The 32 programs listed below are OUR favorites. With a little exploration, it's a certainty that your list will be different (and probably shorter). Sure, from time to time our friends suggest that we watch this or that, but if it means crossing even ONE of our favorites off the list, it probably won't happen.
The point is, Prime-Time has never been better and viewing it on a "reference" system makes "watching TV" a whole new experience.
Some of these were picked for snappy repartee (House, Hawaii 5-0, Lie to me, The Mentalist) - some for stunning visuals (CSI Miami, Hawaii 5-0, Boardwalk Empire, NCIS L.A., Burn Notice). The rest are just, for us, high on entertainment value featuring good writing and Scorsese-like production values. So if you are among those who think "There is nothing on TV" I offer the following alphabetical list. O.K., I couldn't resist placing an asterisk by my Top Ten ..............
BIG LOVE (HBO) Harry's Law (NBC)
Blue Bloods (CBS)* Hawaii 5-0 (CBS)*
Boardwalk Empire (HBO)* House (FOX)*
Bones (FOX) Human Target (FOX)
Burn Notice (USA) Justified (FX)*
CASTLE (ABC) Leverage (TNT)
Chicago Code (FOX) Lie to me (FOX)*
Covert Affairs (USA) Mad Men (AMC)*
Criminal Minds (CBS) Memphis Beat (TNT)*
Criminal Minds - Suspect Behavior (CBS) NCIS (CBS)
CSI (CBS) NCIS L.A. (CBS)*
CSI Miami (CBS) Royal Pains (USA)
CSI New York (CBS) Southland (TNT)
Desperate Housewives (ABC) The Defenders (CBS)
Detroit 1-8-7 (ABC) The Good Wife (CBS)*
Flashpoint (CBS) The Mentalist (CBS)
It's not as if there aren't enough good movies out there. There are more than enough to fill all your discretionary time. There is, however, a worthy competitor ... Prime-Time HDTV.
Posted by Terry Paullin, May 3, 2011 7:31 AM
About Terry PaullinAfter 25+ years as a Silicon Valley Executive, most recently as President and C.O.O. of Crosscheck, Mr. Paullin decided to follow his passion to the emerging Home Theatre industry. In 1994 he formed Front Row Cinema to design, build and calibrate Home Theaters for private residences. Nearly 600 theaters later, he remains engaged in the Industry in the following ways.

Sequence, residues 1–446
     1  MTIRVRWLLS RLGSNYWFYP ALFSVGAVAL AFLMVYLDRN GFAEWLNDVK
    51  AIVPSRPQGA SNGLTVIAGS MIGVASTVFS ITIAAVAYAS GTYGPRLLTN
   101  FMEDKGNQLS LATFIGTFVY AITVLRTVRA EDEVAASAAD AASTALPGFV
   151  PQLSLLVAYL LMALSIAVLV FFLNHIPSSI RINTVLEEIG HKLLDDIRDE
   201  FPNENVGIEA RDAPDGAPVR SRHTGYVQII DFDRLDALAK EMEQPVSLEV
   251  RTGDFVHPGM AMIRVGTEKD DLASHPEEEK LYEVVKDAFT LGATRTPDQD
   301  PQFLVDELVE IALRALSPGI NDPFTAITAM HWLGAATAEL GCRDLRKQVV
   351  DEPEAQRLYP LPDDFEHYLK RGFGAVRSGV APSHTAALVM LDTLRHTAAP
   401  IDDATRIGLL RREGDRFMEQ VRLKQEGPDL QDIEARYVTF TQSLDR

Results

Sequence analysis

Builds dedicated (single purpose) Home Theaters and "Theatre Environments" (rooms used for other purposes as well).
Teaches Imaging Science and other courses for the Imaging Science Foundation. Mr. Paullin has taught CEDIA accredited classes to the installation community at both AVAD and ADI.
Consults to Industry on the topic of Imaging Science (Pioneer, Optima, In-Focus and several others under non-disclosure). Mr. Paullin has served on the Board of two companies and the Advisory committee of two others.
Has written articles/product reviews for major industry publications, including Widescreen Review, The Perfect Vision, The Ultimate Guide to A/V, WIRED magazine and CEPro and has maintained a monthly column (One Installer's Opinion) in Widescreen Review for the past eight years.
Mr. Paullin has a B.S.E.E. degree from Long Beach State University and performs ISF monitor calibrations for private individuals.
Mr. Paullin also maintains 3 theaters in his home for testing, comparison, performance verification, and reference viewing.